Standard deductions are designed to reduce your taxable income amount. Each year, these standard deductions are increased due to inflation.

For 2020 taxes due in 2021, there standard deduction amounts are the following:

  • Married filing jointly: $24,800. This is a $400 increase from 2019 tax returns.
  • Married filing separately: $12,400. This is a $200 increase from 2019 tax returns.
  • Head of household: $18,650. This is a $300 increase from 2019 tax returns.
  • Single: $12,400. This is a $200 increase from 2019 tax returns.

7. Those Who Didn’t Receive Economic Impact Payments May Be Able to Claim the Recovery Rebate Credit

You can now claim the Recovery Rebate Credit if you can claim the following eligibility criteria:

  • You did not receive an Economic Impact Payment this year, or
  • The Economic Impact Payment was less than $1,200 ($2,400 if married and filing jointly for 2019 or 2018) plus $500 for each qualifying child.
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8. Increased Contributions Limits for Limited Workplace Retirement Accounts

Limits for workplace retirement accounts have also been adjusted for inflation. Here are the new limits for the 2020 tax return due in 2021:

  • The base contribution limit for 401(k) plans is $19,500. This is a $500 increase from the previous tax year.
  • The limit for catch-up contributions (for anyone 50 years of age or over) is $6,500. This is an increase of $500 from the previous tax year

9. Higher Limits for the Saver’s Credit

The Saver’s Credit has been increased for the 2020 tax filing year. You can claim the Saver’s Credit if your income is no more than the following:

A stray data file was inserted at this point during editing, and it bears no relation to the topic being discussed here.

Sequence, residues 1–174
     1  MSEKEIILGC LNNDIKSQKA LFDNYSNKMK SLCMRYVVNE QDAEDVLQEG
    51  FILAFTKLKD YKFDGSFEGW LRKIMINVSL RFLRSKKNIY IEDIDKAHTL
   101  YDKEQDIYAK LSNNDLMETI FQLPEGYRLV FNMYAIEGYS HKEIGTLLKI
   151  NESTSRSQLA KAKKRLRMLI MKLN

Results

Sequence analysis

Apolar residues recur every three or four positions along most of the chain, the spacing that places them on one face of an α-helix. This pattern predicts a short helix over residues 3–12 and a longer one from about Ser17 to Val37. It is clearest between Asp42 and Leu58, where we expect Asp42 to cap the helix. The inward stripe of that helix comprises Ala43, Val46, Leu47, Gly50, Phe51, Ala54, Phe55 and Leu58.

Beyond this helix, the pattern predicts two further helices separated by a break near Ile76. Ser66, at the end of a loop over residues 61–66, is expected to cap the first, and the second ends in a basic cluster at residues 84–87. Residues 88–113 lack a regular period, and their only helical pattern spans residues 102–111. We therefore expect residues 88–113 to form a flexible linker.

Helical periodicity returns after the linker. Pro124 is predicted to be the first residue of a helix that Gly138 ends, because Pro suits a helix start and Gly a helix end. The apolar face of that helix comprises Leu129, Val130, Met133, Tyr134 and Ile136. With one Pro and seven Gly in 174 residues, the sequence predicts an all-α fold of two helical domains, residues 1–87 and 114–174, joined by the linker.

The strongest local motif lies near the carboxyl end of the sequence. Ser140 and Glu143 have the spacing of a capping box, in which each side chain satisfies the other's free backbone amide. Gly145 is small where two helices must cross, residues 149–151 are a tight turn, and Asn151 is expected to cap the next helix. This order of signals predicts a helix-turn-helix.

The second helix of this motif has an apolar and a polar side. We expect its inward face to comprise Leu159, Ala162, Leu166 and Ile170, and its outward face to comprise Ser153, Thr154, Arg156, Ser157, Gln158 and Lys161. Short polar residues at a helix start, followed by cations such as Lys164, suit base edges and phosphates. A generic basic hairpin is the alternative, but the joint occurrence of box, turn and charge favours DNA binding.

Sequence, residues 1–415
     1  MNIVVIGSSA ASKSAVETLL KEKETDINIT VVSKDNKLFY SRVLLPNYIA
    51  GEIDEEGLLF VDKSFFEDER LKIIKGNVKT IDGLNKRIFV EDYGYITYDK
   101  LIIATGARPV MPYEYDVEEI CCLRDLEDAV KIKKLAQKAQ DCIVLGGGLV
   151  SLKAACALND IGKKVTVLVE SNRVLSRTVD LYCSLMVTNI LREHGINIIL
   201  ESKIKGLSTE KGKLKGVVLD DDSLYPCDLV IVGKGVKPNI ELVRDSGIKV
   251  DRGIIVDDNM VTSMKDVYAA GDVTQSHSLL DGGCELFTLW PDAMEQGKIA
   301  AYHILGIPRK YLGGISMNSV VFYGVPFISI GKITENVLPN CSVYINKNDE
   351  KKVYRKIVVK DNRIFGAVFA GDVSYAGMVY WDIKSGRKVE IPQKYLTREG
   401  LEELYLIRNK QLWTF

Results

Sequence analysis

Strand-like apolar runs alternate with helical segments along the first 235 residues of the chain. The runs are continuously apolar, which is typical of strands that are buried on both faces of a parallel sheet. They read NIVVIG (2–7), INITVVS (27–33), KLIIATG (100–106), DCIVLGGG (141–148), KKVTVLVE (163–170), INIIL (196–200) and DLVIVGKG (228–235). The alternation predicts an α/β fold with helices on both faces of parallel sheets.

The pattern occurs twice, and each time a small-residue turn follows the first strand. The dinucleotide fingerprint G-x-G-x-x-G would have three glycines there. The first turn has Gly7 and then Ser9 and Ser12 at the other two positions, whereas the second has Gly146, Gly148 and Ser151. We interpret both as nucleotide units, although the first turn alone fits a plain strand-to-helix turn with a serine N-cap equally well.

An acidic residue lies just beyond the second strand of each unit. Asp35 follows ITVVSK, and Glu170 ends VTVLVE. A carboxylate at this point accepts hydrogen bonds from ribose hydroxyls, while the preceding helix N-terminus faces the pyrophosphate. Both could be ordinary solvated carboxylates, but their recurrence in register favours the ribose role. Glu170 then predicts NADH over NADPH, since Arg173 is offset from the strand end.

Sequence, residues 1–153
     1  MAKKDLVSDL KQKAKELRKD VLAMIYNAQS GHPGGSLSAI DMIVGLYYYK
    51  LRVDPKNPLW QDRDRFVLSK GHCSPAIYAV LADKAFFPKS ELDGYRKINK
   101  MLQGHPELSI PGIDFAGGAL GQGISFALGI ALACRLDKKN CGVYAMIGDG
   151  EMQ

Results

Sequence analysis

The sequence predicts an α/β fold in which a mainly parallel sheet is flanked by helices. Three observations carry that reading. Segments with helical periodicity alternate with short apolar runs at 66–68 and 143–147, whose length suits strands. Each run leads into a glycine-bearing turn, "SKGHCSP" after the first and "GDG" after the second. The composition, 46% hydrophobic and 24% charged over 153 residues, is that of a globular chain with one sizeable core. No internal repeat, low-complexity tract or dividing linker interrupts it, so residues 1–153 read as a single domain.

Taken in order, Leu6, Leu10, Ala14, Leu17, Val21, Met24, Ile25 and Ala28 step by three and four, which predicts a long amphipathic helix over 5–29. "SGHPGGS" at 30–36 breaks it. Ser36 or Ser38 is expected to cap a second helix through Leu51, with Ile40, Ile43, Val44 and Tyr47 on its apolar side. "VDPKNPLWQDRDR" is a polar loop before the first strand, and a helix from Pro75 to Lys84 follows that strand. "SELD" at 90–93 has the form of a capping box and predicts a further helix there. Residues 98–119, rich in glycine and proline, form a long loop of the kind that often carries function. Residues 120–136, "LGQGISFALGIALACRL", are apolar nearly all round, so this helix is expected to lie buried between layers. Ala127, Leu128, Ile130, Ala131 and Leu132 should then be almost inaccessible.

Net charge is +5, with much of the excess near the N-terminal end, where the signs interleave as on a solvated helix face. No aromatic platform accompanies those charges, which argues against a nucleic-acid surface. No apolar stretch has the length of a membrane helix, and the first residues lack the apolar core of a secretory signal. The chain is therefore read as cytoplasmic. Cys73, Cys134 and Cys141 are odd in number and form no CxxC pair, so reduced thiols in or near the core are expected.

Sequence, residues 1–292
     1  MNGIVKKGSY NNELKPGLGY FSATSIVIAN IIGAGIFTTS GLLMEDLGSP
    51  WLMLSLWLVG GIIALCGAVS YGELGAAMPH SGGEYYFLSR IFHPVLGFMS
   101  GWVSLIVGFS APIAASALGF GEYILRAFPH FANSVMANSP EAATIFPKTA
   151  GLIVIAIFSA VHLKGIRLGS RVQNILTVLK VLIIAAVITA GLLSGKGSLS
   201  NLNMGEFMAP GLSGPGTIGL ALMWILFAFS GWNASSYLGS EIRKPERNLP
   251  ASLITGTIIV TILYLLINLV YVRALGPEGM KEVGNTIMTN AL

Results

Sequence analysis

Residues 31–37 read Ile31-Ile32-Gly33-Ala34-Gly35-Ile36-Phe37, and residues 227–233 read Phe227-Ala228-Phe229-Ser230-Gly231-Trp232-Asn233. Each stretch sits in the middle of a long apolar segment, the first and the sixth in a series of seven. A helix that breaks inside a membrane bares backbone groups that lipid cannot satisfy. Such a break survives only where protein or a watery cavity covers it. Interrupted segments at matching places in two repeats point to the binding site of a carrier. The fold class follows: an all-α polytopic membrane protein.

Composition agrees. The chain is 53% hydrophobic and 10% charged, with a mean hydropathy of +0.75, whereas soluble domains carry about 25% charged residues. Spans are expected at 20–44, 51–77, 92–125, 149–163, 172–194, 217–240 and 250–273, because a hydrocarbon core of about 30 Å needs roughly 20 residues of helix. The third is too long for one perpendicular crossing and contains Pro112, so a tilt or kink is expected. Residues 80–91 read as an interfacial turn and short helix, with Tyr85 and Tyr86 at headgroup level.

• Married filing jointly: $65,000. This is an increase of $1,000 from the previous tax year.
  • Head of household: $48,750. This is an increase of $750 from the previous tax year.
  • All other tax-filing statuses: $32,500. This is an increase of $500 from the previous tax year.

10. Changes to Income on Capital Gains Rates

While the tax rates on long-term capital gains and qualified dividends did not change for 2020, the income thresholds to qualify for the various rates have increased. Here is a look at the recent changes on taxable income:

  • 0% tax rate: Income up to $40,000 for individual taxpayers, $53,600 for head of household and $80,000 for joint filers.
  • 20% tax rate: $441,451 for singles, $469,051 for head of household and $496,601 for joint filers.
  • 15% tax rate: for all taxpayers between the 0% and the 20% tax rate.
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Staying on Top of the 2020 Tax Changes

It’s important to stay on top of the most recent tax changes because they can really help you save money when it’s time to pay Uncle Sam. If you have any more questions, be sure to take to your tax advisor.

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If you want more handy tax tips, then feel free to check out my latest articles here.  You can sign up to get on the waiting list if you’d like to file with me.

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Until the next money adventure, take care!

Handy

The Handy Tax Guy Tax Service

Disclosure Statement: All data and information provided on this site is for informational purposes only. The Handy Tax Guy makes no absolute representation to the correctness, mistakes, omissions, delays, appropriateness, or legitimacy of any information on this site. **Note: Each client circumstance will vary on a case by case basis**